Wednesday, October 29, 2008

Solaris iPhone Edition

Apple's one new feature in Snow Leopard is support for Exchange, which if not squarely an Enterprise lure is certainly bait for medium businesses. But here we hit Apple's perennial problem; they want to sell more into businesses (because that's where at least 2/3 of all PC money is to be made) but they want to design their systems for home users. When a system is designed to cover every possible potential use for a computer we end up with Windows, which is the kind of "few things to all people" solution that Apple are - rightly - keen to avoid. But as Tim Cook's "state of the Mac" segment in the recent laptop event showed, one of Apple's biggest growth areas is education which is organised along enterprisey lines.

Their solution thus far has been a partial one; we get Mac OS X which is basically a consumer OS, and then we get Mac OS X server which is the same OS with a few configuration changes and extra apps to support being used as a workgroup server. This is less distinct than the changes between Mac OS X and iPhone OS X, but the principle is the same; the same technology is used in different ways, so we get different interfaces to it. Note that these aren't really very divergent products - a UNIX expert could set up an Open Directory Master on a standard Mac OS X box were they so inclined. We get the Mac Pro and the XServe as nods to the existence of more powerful hardware than the iMac. While Apple do have a network of business development managers, enterprise sales people, sales engineers and so on who can support larger customers, their capabilities and freedom are restricted by working on a consumer product in a consumer organisation.

Assuming that Apple aren't going to retreat and consolidate all of their effort on the consumer/prosumer, the logical plan seems to be "the same only more so"; carry on the scheme of applying a common technology base to multiple markets, but with the product interfaces and configurations being specific to the role in which they'll be used. Empower those enterprise sales, support and development teams to make the changes required in both the shared technology base and the domain-specific parts in order to advance their own cause. Allow them to do so in such a way that the consumer focus of the standard products is not diluted. To do all this, what Apple would need is to clearly delineate their Core OS, Consumer OS and Server OS engineering groups, while adding staff, expertise and intellectual property to their Server OS, Server Hardware and Enterprise Support groups.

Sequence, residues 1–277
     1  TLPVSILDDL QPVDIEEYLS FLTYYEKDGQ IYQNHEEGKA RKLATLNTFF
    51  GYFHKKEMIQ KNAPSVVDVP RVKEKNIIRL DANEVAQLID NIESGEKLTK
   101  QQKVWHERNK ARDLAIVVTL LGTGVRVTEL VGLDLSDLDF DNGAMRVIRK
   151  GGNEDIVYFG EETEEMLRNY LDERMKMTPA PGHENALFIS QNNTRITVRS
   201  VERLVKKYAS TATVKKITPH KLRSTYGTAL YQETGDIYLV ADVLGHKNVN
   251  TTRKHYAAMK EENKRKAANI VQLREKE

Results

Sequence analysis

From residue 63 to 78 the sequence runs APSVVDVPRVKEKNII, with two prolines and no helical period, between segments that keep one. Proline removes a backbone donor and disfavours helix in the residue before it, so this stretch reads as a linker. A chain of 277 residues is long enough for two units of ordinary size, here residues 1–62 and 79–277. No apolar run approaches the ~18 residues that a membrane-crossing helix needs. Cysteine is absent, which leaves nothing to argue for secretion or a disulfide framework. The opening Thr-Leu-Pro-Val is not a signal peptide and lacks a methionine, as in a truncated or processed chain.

The bit about "adding staff, expertise and intellectual property to their Server OS, Server Hardware and Enterprise Support groups" can be easily achieved by using the Blue Peter principle. Here's one I prepared earlier. And no, I'm not going mad. Sun have plenty of experience in supporting larger customers and what marketing people like to call vertical markets, and have some good technology: hardware, operating systems software, enterprise services and applications. Their only problem is that they can't make any money on it. On the other hand with Apple it seems that the money is there to be made, and the problem is stepping up to that plate without compromising the consumer products. Consolidating Mac OS X [+ Server] and Solaris 10 would not be trivial but is not beyond the realms of fantasy. NeXTSTEP ran on SPARC hardware, and as we know that Mac OS X runs on PPC, two different Intel architectures and ARM it's likely that the effort to port Mac OS X to SPARC would not be great. But perhaps more useful in the short term is that OpenStep ran on Solaris before, and could do again. Even though Sun have switched Solaris to a SYSV-derived platform, due to Apple's recent push for standardisation with Leopard the two OS are likely more source-code compatible than NeXTSTEP and SunOS 4 ever were. Getting Cocoa up on Solaris would mean that application portability (for the sorts of apps that server admins will want - including Apple's own server admin tools, not for OmniDazzle) becomes viable while the combined company (Snapple?) concentrate on integrating the core tech. They could even get Jonathan Schwartz to do the coding.

Another factor in this proposition is that JAVA is cheap. Apple currently have about $20B in cash and Sun's shares are worth $3.6B, but taking into account that Sun have lost 98% of their dot-com-boom value without slowing their R&D projects, the value for money when you want them for their tech, smarts and goodwill rather than their user base is astounding.